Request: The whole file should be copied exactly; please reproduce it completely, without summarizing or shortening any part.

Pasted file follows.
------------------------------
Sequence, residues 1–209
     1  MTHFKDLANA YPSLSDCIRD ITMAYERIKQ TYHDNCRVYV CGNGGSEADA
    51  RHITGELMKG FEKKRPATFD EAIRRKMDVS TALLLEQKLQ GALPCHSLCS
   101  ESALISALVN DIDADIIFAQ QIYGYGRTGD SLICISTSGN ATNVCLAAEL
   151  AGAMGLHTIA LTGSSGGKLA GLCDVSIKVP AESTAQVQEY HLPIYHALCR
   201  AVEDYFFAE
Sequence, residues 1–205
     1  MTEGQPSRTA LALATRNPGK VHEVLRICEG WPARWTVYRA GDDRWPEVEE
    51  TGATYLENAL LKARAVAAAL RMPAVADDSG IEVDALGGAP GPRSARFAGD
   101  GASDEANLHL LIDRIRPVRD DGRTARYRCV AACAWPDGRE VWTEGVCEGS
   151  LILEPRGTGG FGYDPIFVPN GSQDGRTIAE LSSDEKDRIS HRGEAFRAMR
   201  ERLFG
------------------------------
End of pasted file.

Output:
Sequence, residues 1–209
     1  MTHFKDLANA YPSLSDCIRD ITMAYERIKQ TYHDNCRVYV CGNGGSEADA
    51  RHITGELMKG FEKKRPATFD EAIRRKMDVS TALLLEQKLQ GALPCHSLCS
   101  ESALISALVN DIDADIIFAQ QIYGYGRTGD SLICISTSGN ATNVCLAAEL
   151  AGAMGLHTIA LTGSSGGKLA GLCDVSIKVP AESTAQVQEY HLPIYHALCR
   201  AVEDYFFAE
Sequence, residues 1–205
     1  MTEGQPSRTA LALATRNPGK VHEVLRICEG WPARWTVYRA GDDRWPEVEE
    51  TGATYLENAL LKARAVAAAL RMPAVADDSG IEVDALGGAP GPRSARFAGD
   101  GASDEANLHL LIDRIRPVRD DGRTARYRCV AACAWPDGRE VWTEGVCEGS
   151  LILEPRGTGG FGYDPIFVPN GSQDGRTIAE LSSDEKDRIS HRGEAFRAMR
   201  ERLFG